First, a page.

It should make you cry. (I'm not embarrassed to say it's makes me cry.) But, by all means, professional Party Hacks, use your forums to defend David Obey and toss Cloy Richards and Tina Richards on the trash bin because, goodness golly, they might not make for an electable with regards to that 2008 White House prize. It's disgusting.

And it needs to be noted, no one is as tough as Adam Kokesh comes off. That's not meant as an insult. But egg him on, and he'll fight back -- he'll deal with whatever he has to on his own. That's his type. Try to start something with him the way the US military has (and it's not over on his end) and he'll dig in his heels and he'll be immovable. But you better believe that no one (including Liam Madden) gives the time and effort like that except to help someone else from hurting. This isn't an ego trip for any of the Iraq Veterans Against the War. They know what they lived through and they're trying to stop anyone else (American, Iraqi, British, etc.) from having to go through that same thing.

But by all means, let's focus on the 2008 White House race. And let's not even focus on the Iraq positions/plans (or lack of them), let's just find a way to be completely useless and screw Iraqis, screw US service members, screw aid workers and everyone else over in Iraq because the most important thing in 2007 is a 2008 election. (That was sarcasm.)

It's sickening and it's disgusting to see this repeatedly play out, week after week, month after month. But the thing is, outside of the media, Iraq is registering. And when citizens went to the polls in November, they weren't voting on an abstract notion of Iraq. It registered then as well.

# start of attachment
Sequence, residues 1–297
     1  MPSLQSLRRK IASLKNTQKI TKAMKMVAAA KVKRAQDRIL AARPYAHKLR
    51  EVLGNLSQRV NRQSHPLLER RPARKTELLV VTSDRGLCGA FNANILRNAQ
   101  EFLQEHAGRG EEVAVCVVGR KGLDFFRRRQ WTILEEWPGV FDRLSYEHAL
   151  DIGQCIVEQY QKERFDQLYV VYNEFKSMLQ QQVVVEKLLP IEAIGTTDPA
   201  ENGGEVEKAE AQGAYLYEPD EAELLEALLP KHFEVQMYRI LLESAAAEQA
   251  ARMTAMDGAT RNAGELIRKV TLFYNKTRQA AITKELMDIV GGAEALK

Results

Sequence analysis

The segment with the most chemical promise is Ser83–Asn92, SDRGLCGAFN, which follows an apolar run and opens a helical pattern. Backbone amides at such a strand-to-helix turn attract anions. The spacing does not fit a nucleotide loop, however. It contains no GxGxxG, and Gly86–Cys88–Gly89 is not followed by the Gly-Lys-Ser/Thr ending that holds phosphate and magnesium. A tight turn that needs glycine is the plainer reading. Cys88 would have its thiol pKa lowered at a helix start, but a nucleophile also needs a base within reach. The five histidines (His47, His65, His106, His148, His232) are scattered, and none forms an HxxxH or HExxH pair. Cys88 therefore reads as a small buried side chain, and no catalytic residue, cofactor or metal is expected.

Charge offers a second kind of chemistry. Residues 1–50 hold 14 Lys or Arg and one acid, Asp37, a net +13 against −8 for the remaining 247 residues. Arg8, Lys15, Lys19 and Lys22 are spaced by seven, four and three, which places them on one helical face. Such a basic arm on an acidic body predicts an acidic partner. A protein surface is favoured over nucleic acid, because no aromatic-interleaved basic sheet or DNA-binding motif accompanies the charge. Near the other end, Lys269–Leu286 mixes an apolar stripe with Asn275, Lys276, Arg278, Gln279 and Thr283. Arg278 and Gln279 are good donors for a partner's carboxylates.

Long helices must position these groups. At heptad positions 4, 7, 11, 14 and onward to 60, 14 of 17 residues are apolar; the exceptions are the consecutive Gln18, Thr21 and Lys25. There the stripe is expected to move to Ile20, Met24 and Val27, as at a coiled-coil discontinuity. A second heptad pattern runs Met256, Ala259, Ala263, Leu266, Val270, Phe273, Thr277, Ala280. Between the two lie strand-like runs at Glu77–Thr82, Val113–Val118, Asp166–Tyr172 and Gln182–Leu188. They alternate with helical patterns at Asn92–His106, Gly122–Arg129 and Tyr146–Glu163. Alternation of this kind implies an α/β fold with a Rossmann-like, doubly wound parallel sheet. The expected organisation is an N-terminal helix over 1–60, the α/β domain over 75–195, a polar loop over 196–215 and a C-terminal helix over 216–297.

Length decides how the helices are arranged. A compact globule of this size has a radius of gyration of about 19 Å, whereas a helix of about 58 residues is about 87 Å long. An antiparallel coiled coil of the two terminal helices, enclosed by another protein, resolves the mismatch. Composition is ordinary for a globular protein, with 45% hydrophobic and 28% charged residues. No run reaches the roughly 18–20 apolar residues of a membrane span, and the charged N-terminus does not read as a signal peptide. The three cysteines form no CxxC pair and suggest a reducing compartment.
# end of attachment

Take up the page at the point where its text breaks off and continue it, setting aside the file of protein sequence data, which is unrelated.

What we lack isn't a peace movement and it's not even compelling stories. What we lack is a means to get those out. But as demonstrated with the students tonight, peer to peer, people are doing what the media refuses to do.

And what the media refuses to do was a topic with plenty of examples. The question was how come people don't call out the media? Indies call out big media of course. But why won't they call out small media which, with few exceptions, really can't claim to be doing anything or be any better? Well, if you go on ___ and you say to the host, "The problem is independent media!" -- now do you really think you'll be invited back on? And if you write that, do you really think many print outlets are going to run it? It's not about anyone getting their own name in print or getting on radio or TV, it's about the fact that there are so little opportunities given from independent media to discuss the illegal war that no one dares state the obvious for fear that they might damage the entire movement's chances.

With few exceptions, independent media has made themselves worthless. When was the last real coverage -- serious, lasting more than one segment, article or day? November 2004. That's three years ago. Maybe if another city is slaughtered we'll get some more coverage? Sadly, no. It's not safe for anyone who can't pass for Iraqi to be unembedded now (and not even safe for those who can). Chances are the next full out slaughter (didn't we have a smaller scale version of that last summer in Ramadi before indymedia went running off to Mexico and then Israel) we'll take place with little press attention. It's doubtful the White House isn't also aware of that fact.

The e-mail address for this site is And expect little tomorrow other than link-fests in the morning. I'm tired and will be up in less three hours.